How real estate agents get paid from foreclosures depends upon several factors explained below.
Real Estate Foreclosure Process Summary
But first, a brief description of the foreclosure process.
Foreclosure auctions initiated by either the lender or trustee begins with an opening bid of the remaining unpaid loan balance plus fees. These auctions are open to the public.
On average, foreclosure auctions winning bids total around 15% below the property’s actual value.
Beware, most foreclosures do not allow inspections or viewing inside the property. In addition, real estate agents do not become directly involved with the auction as no offers or written purchase contracts occur.
However, as you read below, fees and commissions exist for real estate agents during and after the foreclosure process.
Properties not sold at the auctions become “Real Estate Owned” (REO) by the bank (or other lenders). With REO properties, the bank or lender takes responsibility to evict any residents (or squatters), maintenance, repairs, and securing the property.
REO Listing Agent
Banks and other lenders hire real estate brokers to sell their REO properties. The listing agent views the property and reports its condition to the lender. The listing agent then determines a competitive listing price.
REO’s listed with the local MLS attracts other agents. Like any other listed property, the listing agent promotes the listing, coordinates viewings, and accepts purchase offers. The listing agent represents the lender during the closing.
REO Buyer’s Agents
In an REO, the lender pays the buyer agent’s commission upon closing. Like typical listings, the listing agent splits the total commission 50/50 with the buyer’s agent.
Besides foreclosures, some sellers use an auction to sell their houses faster. This requires reducing the opening bid price to around 75% to 80% of the market value. Unless the seller personally conducts the auction, a professional “auction house” company auctions off the house.
Properties sold by an auction house pays the buyer’s real estate agent a small commission (usually 1%). The winning bidder generally pays 5% on top of the bid to cover the auction house fees. Contact the auction house to find about real estate commissions as they vary between companies.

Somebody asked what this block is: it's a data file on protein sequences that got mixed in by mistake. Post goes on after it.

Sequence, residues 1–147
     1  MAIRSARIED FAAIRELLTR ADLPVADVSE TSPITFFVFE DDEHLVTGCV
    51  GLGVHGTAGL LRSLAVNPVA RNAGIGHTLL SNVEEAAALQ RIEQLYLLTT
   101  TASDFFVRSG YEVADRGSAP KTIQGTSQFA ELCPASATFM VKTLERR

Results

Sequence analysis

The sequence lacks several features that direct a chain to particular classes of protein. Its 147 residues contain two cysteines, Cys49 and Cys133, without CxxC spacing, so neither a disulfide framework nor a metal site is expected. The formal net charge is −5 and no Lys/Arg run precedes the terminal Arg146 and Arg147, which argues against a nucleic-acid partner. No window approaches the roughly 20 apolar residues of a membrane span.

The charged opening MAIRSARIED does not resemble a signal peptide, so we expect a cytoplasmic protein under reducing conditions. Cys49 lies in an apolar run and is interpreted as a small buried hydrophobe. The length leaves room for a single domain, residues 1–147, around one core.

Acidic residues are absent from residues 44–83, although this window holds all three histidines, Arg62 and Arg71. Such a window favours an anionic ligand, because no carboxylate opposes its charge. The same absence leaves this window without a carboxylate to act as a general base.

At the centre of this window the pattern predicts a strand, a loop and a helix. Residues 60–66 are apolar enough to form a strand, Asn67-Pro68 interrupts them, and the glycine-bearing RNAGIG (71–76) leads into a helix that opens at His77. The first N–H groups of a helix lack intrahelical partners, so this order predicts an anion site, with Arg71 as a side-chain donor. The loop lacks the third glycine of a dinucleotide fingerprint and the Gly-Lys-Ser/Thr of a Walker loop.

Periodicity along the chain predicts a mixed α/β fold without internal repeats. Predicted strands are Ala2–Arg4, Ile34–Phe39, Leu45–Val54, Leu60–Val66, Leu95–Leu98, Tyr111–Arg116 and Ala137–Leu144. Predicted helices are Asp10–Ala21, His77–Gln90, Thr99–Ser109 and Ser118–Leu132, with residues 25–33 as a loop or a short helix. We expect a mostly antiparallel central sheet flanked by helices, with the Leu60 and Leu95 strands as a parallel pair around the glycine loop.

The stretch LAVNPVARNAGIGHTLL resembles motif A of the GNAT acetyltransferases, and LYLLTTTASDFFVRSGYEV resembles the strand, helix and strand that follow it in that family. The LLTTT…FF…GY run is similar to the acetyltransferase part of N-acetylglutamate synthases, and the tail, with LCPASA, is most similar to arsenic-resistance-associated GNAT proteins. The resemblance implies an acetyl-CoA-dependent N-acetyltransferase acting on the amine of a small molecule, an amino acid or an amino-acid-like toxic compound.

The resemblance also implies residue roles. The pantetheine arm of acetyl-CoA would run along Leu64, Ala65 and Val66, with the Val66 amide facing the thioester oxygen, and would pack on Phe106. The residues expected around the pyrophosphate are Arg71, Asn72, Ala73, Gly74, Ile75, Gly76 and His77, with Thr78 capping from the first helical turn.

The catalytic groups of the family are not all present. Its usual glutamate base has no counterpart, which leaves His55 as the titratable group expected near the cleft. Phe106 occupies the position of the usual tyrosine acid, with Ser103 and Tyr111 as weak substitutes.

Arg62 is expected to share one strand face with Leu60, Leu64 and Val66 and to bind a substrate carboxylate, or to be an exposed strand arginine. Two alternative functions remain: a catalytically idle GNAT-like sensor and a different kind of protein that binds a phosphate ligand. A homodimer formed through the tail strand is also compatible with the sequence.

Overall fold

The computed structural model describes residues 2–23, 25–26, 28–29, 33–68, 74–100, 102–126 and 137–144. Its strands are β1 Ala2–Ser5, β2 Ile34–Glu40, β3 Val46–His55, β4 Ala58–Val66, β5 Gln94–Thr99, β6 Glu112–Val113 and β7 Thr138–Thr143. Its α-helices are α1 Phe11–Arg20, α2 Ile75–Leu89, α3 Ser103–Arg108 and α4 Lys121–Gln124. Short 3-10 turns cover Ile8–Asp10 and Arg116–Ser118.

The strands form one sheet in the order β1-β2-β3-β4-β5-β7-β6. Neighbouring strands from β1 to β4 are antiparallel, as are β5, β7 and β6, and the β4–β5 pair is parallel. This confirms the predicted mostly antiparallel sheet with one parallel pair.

How to Earn Commissions Helping Buyers with Foreclosures and REO’s
Some real estate agents earn commissions helping buyers with foreclosures and REO’s. Many use a real property auction site like Auction.com to help clients find good deals. Another source includes REO and “bank owned” foreclosure listings at Realtor.com.
In addition, these sites also include real estate auctions:
Foreclosures: A buyer’s agent gets the buyer to sign an agreement paying the agent a commission based on a percentage of the winning bid amount. Or, a flat fee based on the services performed before the auction.
REO’s: The buyer’s agent splits the commission with the listing agent.
You can also earn another commission after the auction or REO purchase. When your client either flips and sells the property or rents it out further commissions await you.
Buyer’s Agents Fees with Foreclosures
Besides commissions, many buyer’s agents charge a fee to conduct preliminary research on homes a buyer shows interest. These fees vary depending on the amount of time to drive by, inspect, and conduct a CMA ranging from $500 to $1,000.
For instance, a buyer’s agent needs to research the length of vacancy time to see if it endured freezing and thawing seasons unattended. Furthermore, could heavy rains cause significant structural damages?
Also, a title search could show liens the bank never cleared up which they are not required to do. For example, an IRS lien on the property which won’t go away after the foreclosure. Similarly, unpaid property taxes also stay with the property after foreclosure.